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Men’s basketball is Nebraska’s court jester

Mike Hlas, CR Gazette –

When the University of Nebraska joined the Big Ten Conference in the summer of 2010, the subject was football.

Football, football, football. Nebraska football, marquee name. No explanation why the Big Ten added Nebraska was necessary from the league office.

As for men’s basketball? Yes, the Cornhuskers had a team. Yes, they had a 16,000-seat arena set to open in 2013.

But the school’s history in men’s hoops is as mundane as the vistas on Interstate 80 from Grand Island to Ogallala.

You can’t say the Huskers have had a drought when it comes to the NCAA tournament, because that suggests there once was rain. Nebraska has never won a game in the NCAAs. Northwestern and South Florida are the only other schools from BCS conferences that can say that.

The Huskers have been to the NCAA tourney six times, most recently 1998. But they only came within seven points of a win in the big tourney once.

The NIT is a different story. The Huskers have been to that gala 16 times, and won it in 1996. They’ve been there as recently as last season. Which puts them one-up on their opponent Thursday night, Iowa, in one regard. But that’s about it.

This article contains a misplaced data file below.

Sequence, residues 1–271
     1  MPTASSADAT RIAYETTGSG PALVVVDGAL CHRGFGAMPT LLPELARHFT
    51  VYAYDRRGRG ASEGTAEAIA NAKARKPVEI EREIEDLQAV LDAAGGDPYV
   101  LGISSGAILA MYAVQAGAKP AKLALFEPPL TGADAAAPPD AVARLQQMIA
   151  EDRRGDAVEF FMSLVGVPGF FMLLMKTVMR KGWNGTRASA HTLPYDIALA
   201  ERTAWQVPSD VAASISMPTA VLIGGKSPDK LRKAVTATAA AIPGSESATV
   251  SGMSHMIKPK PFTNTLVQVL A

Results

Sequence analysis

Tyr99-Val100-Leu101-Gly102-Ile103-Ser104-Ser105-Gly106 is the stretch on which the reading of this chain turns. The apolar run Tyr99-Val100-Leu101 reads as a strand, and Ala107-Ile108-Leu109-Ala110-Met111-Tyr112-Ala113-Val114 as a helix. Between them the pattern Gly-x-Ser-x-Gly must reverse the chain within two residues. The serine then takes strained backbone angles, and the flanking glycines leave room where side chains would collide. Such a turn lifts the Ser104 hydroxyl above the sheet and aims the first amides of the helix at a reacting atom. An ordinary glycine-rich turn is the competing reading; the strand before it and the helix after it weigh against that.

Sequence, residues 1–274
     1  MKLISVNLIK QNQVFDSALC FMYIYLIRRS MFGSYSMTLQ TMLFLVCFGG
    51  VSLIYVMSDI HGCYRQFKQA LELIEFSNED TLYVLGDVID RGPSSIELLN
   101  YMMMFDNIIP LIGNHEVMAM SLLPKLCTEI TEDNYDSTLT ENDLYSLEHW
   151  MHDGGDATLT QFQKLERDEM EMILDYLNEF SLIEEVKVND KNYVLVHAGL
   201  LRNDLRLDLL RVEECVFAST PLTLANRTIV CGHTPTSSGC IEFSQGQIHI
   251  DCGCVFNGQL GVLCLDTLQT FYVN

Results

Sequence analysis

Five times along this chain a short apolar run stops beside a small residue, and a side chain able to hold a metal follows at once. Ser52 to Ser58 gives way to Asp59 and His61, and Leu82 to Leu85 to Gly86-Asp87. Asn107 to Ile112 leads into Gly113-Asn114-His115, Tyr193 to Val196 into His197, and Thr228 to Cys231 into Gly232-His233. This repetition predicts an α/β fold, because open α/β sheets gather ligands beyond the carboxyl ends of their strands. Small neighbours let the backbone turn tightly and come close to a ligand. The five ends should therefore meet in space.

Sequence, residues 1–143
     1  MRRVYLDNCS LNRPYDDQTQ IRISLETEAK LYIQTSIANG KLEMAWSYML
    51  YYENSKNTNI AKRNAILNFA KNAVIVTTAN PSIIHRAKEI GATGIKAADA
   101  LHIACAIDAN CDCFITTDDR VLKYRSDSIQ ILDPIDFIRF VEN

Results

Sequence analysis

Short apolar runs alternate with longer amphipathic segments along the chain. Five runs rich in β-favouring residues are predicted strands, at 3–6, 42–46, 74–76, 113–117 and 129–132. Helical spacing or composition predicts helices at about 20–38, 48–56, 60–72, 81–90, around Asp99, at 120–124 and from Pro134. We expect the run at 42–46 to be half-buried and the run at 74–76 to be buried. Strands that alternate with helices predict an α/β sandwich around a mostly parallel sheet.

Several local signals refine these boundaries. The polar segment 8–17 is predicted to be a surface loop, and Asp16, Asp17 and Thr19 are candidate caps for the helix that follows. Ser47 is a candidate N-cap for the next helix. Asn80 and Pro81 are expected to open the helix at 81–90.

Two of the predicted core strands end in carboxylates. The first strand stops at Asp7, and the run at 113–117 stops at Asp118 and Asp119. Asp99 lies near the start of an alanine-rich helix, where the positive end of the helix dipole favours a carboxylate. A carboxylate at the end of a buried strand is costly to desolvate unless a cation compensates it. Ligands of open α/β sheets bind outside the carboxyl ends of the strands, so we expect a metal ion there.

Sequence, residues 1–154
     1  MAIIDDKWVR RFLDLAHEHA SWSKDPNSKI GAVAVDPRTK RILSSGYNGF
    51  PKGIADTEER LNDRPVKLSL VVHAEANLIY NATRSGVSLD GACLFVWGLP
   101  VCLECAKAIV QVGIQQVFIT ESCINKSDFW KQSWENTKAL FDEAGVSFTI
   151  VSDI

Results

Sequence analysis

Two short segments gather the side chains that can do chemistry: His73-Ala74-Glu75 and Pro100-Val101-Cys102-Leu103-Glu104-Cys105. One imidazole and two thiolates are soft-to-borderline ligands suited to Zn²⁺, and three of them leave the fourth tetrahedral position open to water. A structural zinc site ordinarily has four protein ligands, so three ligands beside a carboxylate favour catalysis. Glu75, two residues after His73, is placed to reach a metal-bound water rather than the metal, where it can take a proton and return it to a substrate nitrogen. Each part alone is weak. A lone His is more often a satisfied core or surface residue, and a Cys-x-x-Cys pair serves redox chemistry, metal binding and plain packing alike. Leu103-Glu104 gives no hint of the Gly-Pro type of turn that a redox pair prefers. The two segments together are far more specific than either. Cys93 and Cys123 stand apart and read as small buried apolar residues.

Hawkeye fans think this has been a dry spell for their team, with no NCAA visits since 2006 and a Big Ten record of 22-57 since the start of the 2007-2008 season. But that’s just a hiccup of horrible compared to what Nebraska has endured.

In 33 years of Big Eight and Big 12 postseason tourneys, Nebraska won the thing just once. Its record in them was 15-33.

The Huskers’ last regular-season conference title was in 1950, a share of the Big Seven crown with Kansas and Kansas State. Nebraska didn’t have a first-team All-Big 12 player in this millennium. Venson Hamilton is the last Husker to have been selected in an NBA draft, in 1999.

I could go on, and I will. Doc Sadler replaced Barry Collier as Nebraska’s coach six years ago. Collier’s 6-year conference record with the Huskers was 36-60. He came to Nebraska from Butler.

Does that ring any bells (Todd Lickliter), Iowa fans?

Sadler is in his sixth season as the Huskers’ coach. His conference record is 32-56.

At the start of this season, Iowa and Nebraska seemed like two peas in the same lowly basketball pod in terms of expectations. But if the Hawkeyes beat the Huskers, they would get clear separation. They would be 4-4 in the conference as opposed to Nebraska’s 2-7, looking like they had some sort of postseason possibilities while Nebraska flails at the bottom of the league standings.

Iowa Coach Fran McCaffery added some separation by successfully recruiting point guard Mike Gesell of South Sioux City, Neb. Gesell was Nebraska’s prep player of the year as a junior and will be again this year barring some sort of shenanigans.

Gesell’s final three college choices were Iowa, Nebraska and Stanford. He took official visits to each.

Losing a rare home state four-start recruit hurt the Huskers. So did losing to Ohio State in Lincoln last Saturday, 79-45. That was the most one-sided home loss in 116 years of Nebraska basketball.

Oh well. Spring football is coming soon enough for the Cornhuskers.

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